This says: (1) No person may be subject to any legal, administrative or employment related sanction, regardless of any breach of a legal or employment- related obligation, for releasing information on wrongdoing, or that which would disclose a serious threat to health, safety or the environment, as long as he acted in good faith and in the reasonable belief that the information was substantially true and disclosed evidence of wrongdoing or a serious threat to health, safety and the environment.

 (2) For the purpose of subsection (1), “wrongdoing” includes but it is not limited to:

 (a) The commission of a criminal offence

 (b) Failure to comply with a legal obligation

 (c) Miscarriage of justice

 (d) Corruption, dishonesty or serious maladministration

Was it not this administration that brought this Act into force, and most recently appointed the Commissioners?

On two occasions during my employment with the Ministry of Finance, I had the opportunity to appear before the United Nations Convention on Corruption to apprise them of the public procurement reform effort that I led for the past four years. The United Nations (UN) Convention against Corruption is the only legally-binding universal anti-corruption instrument of which The Bahamas is a party. The Government of The Bahamas should be aware that organisations such as these, including the Inter-American Development Bank, the World Bank and the Caribbean Development Bank, all of whom are stakeholders in our economic development, are observing their actions, especially when it threatens its citizens for speaking truth.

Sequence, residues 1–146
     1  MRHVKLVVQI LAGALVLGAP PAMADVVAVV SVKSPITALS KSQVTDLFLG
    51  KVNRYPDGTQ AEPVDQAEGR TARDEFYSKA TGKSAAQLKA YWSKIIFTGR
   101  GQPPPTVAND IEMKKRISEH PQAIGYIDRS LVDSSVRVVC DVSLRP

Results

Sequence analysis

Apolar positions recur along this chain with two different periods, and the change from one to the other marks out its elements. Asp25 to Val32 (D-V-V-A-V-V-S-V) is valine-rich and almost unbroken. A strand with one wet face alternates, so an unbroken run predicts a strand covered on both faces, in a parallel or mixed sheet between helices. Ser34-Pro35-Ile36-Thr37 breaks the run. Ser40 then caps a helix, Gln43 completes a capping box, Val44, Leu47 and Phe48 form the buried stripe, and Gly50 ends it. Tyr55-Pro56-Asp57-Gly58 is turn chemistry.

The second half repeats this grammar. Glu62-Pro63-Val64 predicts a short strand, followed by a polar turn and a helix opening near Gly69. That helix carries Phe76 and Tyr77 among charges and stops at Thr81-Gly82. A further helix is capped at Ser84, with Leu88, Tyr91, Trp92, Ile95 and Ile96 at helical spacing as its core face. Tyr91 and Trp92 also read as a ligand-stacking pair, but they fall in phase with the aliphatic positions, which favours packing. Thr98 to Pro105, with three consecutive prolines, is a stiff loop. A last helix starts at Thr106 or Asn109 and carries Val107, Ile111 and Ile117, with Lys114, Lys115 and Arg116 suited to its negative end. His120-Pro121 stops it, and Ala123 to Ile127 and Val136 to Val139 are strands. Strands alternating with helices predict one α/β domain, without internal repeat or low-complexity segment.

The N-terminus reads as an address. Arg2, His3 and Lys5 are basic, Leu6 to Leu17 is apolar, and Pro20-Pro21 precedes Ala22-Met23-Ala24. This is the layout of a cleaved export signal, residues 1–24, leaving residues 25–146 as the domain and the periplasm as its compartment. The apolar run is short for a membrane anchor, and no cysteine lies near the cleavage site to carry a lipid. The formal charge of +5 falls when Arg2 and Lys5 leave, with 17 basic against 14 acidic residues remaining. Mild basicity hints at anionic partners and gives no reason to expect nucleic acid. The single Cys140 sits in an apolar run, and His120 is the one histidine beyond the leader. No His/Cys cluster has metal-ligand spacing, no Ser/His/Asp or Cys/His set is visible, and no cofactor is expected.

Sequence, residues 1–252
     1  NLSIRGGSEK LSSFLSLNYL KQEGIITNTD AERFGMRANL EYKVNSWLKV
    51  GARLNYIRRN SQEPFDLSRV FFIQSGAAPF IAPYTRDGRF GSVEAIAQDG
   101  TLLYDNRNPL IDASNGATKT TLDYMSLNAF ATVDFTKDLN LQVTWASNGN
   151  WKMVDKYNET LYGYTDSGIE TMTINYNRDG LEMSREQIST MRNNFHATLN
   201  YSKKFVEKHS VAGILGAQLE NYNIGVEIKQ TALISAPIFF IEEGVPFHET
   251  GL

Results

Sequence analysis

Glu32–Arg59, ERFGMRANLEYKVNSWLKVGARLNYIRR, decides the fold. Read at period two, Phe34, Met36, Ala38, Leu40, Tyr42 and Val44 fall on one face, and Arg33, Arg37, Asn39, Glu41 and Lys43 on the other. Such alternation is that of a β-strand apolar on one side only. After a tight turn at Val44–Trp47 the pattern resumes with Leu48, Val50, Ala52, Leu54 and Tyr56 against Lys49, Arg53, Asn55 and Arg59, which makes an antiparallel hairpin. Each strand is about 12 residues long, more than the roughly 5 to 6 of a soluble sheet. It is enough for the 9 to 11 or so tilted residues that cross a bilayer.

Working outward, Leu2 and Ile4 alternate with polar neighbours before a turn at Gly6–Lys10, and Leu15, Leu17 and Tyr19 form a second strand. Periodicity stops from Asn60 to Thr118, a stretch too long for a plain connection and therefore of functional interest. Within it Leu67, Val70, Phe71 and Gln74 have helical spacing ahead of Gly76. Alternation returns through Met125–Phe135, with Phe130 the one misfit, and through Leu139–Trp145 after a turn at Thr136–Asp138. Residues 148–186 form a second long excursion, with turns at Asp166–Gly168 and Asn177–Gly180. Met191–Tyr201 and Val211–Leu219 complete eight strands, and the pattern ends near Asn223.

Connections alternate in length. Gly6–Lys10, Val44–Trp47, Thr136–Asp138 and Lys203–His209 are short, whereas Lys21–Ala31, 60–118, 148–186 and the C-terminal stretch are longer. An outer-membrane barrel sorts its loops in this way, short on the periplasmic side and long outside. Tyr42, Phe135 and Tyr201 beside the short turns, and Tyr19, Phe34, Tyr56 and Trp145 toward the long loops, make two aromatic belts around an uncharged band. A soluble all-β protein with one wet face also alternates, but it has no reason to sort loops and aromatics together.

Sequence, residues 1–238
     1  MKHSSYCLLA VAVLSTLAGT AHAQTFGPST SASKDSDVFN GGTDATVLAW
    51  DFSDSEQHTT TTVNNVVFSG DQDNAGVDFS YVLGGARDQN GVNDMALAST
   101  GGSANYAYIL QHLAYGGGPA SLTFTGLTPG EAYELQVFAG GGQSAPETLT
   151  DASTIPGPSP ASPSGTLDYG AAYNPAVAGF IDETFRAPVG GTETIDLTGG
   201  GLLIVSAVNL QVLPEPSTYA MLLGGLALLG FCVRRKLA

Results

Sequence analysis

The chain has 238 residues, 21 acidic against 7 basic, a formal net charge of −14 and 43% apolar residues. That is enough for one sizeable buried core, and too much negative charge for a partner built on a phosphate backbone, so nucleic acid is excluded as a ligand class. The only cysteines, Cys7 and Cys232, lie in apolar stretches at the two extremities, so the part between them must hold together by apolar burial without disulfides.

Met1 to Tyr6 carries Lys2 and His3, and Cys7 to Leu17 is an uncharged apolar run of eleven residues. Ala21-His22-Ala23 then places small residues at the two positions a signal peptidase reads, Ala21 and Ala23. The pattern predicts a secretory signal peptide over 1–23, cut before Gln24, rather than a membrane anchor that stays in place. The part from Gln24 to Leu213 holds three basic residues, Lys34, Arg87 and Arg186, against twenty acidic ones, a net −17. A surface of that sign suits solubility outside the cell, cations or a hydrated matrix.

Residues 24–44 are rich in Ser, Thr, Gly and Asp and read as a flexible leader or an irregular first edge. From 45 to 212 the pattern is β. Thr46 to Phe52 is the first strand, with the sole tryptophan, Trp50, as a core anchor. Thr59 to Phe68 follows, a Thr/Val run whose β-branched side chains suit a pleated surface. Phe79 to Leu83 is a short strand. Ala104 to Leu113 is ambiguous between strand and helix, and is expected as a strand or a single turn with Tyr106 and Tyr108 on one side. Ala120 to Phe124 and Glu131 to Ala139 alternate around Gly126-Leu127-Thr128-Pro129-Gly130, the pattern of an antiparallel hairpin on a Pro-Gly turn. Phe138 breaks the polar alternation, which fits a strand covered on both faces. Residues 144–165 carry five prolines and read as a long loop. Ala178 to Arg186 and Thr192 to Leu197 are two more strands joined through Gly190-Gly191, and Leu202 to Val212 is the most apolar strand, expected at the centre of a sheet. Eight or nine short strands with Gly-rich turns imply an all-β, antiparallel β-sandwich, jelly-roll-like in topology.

What I find to be so ironic is that during the debate on Monday, Glenys Hanna Martin, MP for Englerston, in referring to my article stated that the writer was simply saying that since the Public Procurement Act was to be delayed until September this year, the government has a moral obligation, under best practices, to ensure that their mandated policy is for all procurement to be carried out through the e-procurement supplier registry is. So, why the outburst? Is it that the government is not serious about transparency?

Desmond Bannister, deputy prime minister and minister of works, eloquently made his contribution to the budget debate last Thursday by listing the many projects his ministry had completed. He talked about parks being redeveloped, road paving and the renovations of certain buildings. He also rose to his feet during the prime minister’s contribution on Monday, June 21, and advised that the e-procurement supplier registry was being used. He was correct, but what he did not say was how many of the 763 registered construction companies on the e-procurement system had an opportunity to bid on all of those projects he mentioned through the e-procurement supplier registry.